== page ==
The autumn season of drama from the Torch Theatre Company got underway last Wednesday with a superb first night performance of J.B. Priestley’s An
Inspector Calls, directed by Peter Doran.
At the prosperous Birling family home in the spring of 1912, a dinner party is in full swing to celebrate the engagement of their daughter, Sheila, to Gerald Croft.
However, the party comes to an abrupt end when the family is visited by a man calling himself Inspector Goole. He questions them about the suicide of a young working-class woman, Eva Smith. During
the course of the evening, each person around the table is revealed to have in some way contributed to the young woman’s exploitation, abandonment and social ruin, effectively leading to her death.
The play is set in the dining room, which was designed by Sean Crowley, and is both elegant and impressive. The room is square, and spins as each ‘suspect’ is being interrogated, bringing them into
view of the inspector and the audience. Inspector Goole never steps onto the spinning area of the set, adding to the tension, making his presence felt.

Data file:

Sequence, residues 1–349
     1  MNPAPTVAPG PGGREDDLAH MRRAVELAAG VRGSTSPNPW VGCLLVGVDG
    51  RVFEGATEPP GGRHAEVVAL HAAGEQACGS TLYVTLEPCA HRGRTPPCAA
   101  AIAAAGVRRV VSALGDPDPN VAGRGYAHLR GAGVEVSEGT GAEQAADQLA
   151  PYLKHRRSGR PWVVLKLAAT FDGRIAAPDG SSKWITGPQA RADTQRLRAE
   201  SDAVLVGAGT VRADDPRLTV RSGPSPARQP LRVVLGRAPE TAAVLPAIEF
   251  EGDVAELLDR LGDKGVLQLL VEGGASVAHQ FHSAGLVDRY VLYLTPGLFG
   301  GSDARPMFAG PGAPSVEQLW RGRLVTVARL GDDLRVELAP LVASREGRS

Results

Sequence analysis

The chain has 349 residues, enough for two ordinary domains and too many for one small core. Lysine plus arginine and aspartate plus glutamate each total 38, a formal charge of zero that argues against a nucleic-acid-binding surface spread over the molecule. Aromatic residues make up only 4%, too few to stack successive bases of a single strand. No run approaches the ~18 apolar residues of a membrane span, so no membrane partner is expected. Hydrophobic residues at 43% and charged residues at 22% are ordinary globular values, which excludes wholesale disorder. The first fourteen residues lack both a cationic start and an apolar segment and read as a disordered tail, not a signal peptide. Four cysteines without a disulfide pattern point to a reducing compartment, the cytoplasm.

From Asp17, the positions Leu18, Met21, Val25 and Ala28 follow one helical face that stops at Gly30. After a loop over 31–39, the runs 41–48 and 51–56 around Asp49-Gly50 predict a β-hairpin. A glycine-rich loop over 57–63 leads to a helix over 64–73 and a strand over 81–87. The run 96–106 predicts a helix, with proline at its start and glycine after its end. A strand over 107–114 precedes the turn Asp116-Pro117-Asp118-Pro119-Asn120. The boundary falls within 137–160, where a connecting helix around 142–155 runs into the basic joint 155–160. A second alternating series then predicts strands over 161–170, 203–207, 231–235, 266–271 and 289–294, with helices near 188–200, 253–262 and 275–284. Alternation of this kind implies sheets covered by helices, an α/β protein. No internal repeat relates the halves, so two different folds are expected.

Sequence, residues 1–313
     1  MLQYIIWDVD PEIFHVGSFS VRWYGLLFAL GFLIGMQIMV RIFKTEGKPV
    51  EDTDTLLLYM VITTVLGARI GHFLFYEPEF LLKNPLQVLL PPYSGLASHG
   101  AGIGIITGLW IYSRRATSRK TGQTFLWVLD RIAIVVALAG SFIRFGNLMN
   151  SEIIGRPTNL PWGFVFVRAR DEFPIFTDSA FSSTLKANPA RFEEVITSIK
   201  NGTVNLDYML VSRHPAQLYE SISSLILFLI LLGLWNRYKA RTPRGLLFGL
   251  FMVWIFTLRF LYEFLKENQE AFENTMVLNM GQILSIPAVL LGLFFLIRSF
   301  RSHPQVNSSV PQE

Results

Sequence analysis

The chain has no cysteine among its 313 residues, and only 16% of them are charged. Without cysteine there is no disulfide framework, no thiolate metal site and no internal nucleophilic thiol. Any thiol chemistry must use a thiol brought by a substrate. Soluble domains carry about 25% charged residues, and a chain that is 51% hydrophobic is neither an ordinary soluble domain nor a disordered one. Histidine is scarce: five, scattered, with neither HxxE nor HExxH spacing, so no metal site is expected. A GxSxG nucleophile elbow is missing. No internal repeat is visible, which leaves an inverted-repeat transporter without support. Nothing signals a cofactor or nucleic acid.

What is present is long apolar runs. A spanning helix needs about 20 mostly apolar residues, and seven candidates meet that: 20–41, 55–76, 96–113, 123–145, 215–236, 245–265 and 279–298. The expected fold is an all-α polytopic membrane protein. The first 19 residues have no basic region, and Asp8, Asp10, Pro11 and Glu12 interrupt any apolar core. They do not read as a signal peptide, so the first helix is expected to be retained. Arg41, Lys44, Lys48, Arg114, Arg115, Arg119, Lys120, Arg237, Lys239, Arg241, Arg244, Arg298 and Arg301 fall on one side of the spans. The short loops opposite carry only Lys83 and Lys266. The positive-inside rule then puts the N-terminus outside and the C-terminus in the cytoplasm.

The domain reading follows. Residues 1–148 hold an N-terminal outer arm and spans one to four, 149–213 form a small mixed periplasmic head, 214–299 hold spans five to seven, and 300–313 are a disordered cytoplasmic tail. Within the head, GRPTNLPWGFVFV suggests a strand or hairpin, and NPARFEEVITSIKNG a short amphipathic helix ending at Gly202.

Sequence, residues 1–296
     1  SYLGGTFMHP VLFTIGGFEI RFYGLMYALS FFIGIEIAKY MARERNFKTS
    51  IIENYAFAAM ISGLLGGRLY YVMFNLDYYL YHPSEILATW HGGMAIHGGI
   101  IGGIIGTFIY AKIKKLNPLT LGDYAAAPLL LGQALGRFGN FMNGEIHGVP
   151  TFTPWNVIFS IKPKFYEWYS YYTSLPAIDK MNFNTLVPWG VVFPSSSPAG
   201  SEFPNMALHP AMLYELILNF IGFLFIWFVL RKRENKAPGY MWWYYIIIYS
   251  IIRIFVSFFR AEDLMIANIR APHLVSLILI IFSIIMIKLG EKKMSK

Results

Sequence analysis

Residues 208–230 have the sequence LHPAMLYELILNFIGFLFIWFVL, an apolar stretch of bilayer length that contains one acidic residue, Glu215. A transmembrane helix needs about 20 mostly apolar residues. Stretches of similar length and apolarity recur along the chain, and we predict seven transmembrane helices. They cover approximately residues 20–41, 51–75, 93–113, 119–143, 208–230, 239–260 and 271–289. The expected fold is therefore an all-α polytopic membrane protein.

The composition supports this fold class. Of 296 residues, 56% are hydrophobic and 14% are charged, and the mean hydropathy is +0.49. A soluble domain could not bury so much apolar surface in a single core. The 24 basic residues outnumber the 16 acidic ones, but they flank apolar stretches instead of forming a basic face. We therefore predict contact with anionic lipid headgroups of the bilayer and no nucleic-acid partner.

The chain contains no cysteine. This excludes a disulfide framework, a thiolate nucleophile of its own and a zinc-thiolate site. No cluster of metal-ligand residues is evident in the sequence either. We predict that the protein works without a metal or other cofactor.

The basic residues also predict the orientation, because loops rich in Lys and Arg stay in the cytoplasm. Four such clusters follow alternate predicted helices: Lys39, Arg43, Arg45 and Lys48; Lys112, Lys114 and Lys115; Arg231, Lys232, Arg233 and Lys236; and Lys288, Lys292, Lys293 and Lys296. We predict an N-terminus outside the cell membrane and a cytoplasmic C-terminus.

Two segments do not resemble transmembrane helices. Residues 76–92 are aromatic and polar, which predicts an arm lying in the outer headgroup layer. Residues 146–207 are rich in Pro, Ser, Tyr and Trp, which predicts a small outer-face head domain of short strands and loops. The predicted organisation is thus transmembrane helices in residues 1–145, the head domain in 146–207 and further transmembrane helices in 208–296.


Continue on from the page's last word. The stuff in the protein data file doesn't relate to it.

Anyone who hasn’t read the play or previously seen a production of An Inspector Calls will certainly not expect the dramatic twists in the second act. Inspector Goole’s most prominent moment comes
when he says: “One Eva Smith has gone – but there are millions and millions and millions of Eva Smiths and John Smiths still left with us, with their lives, their hopes and fears, their suffering
and chance of happiness, all intertwined with our lives, and what we think and say and do.”
This speech comes when you think the play is near its end, but there are still more shocks to come.
“One Eva Smith has gone – but there are millions and millions and millions of Eva Smiths and John Smiths still left with us, with their lives, their hopes and fears, their suffering and chance of happiness, all intertwined with our lives, and what we think and say and do.”Inspector Goole
They can’t be referred to in detail without spoiling it for others, but this powerful piece of theatre is sure to leave an impression on audiences long after they’ve left the building.
Aside from the powerful performance by the Inspector (Keith Woodason), the character who most stood out was Sheila Burling (Eleanor Howell). She starts out as self-centred, yet as the play
progresses, she begins to show remorse on hearing of her part in the girl’s downfall. She becomes more rebellious toward her parents, and by the end is a much wiser woman.
Having said that, all seven members of the cast were exceptional, and the standing ovation at the end was more than deserved.
An Inspector Calls runs until October 23rd at the Torch Theatre. For performance times and tickets, call 01646 695267 or visit www.torchtheatre.co.uk.